Brown transition: Part stealth, part budget woes

By definition, transition reflects change.

But as Gov.-elect Jerry Brown prepares to take office on Jan. 3, the most remarkable characteristic of his transition is not what’s happening – it’s what’s not happening.

Thus far, he has made no across-the-board board demands that ranking state officials submit their resignations then reapply for jobs in the new administration – a common practice of an incoming governor, as in the case of George Deukmejian’s governorship after Brown left office the first time, or Ronald Reagan’s administration following Pat Brown. 

Capitol sources say that weeks before the Nov. 2 election, Brown privately visited a number of ranking state and elected officials, in part to pick their brains, in part to ask that they remain in a Brown administration. Since the election, his staff has continued to deliver a similar message: There will be little bureaucratic change in the immediate future.

In a number of cases, the transition team has offered ranking officials four choices – stay in their current post, or pick three others in order of preference where they would like to serve. Three people who were offered those choices said it appeared that whatever their choice, it was likely they would stay in the administration.

Nothing has been announced, but it appears that Brown intends to retain three of the state’s highest-profile officials in their current jobs – Matthew Cate as head of the corrections system, Mary Nichols as chair of the Air Resources Board and Finance Director Ana Matosantos.

Unlike Brown’s first term, when he made dramatic changes from the outgoing administration of Reagan, this time around whatever change is likely to be more gradual.

The sharpest departure from the previous administration will be in the state budget. Indeed, the perception in the Capitol is that the reason there is so little transition upheaval is because Brown is focused almost exclusively on the state’s fiscal plight. That may be good spin – or it even may be true.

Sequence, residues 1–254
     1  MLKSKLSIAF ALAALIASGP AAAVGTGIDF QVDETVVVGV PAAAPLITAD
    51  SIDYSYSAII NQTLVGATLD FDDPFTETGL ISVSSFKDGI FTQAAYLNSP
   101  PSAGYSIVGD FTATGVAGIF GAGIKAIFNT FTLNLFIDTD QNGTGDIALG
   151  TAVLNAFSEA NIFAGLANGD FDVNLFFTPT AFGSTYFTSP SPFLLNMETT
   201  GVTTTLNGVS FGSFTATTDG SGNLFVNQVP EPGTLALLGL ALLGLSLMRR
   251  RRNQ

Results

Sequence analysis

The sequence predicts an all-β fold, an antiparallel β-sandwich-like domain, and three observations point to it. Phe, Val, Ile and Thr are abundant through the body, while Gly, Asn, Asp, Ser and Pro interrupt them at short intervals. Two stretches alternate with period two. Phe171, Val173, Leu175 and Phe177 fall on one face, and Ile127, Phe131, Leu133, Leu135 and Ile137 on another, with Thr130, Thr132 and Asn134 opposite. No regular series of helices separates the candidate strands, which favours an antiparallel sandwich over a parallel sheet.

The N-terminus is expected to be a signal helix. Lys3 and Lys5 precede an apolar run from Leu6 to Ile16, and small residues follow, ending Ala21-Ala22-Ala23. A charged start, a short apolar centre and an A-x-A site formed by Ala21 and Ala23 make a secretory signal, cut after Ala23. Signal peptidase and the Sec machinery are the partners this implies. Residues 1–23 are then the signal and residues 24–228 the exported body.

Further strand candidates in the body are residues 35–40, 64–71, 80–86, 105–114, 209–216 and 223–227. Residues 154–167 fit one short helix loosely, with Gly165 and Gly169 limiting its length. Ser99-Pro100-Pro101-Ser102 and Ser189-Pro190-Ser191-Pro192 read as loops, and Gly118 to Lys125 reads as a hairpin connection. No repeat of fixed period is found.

Facing harsh economic times when he first took office, Brown in his first inaugural address – it was about seven minutes long, the shortest of any governor in the state’s history — called for immediate cuts in state operations, including a 7 percent cut in his own office, and an end to tax breaks for oil companies, among other proposals. He ended with a terse,  “We have lots of work to do. Let’s get to it. Thank you very much.”

The state’s current budget is in worse shape than in 1975. The shortage projected over 18 months is more than $25 billion – nearly 2 ½ times the size of the entire state budget when Brown first took office.

Brown has called for a meeting Wednesday at Sacramento’s Memorial Auditorium in which ranking state officials, at his request, plan to lay out details of the state’s fiscal woes. In terms of government operations, Brown’s solutions may include cutting the bureaucracy, eliminating or combining agencies and changes in public pension benefits — issues that arose during the campaign.

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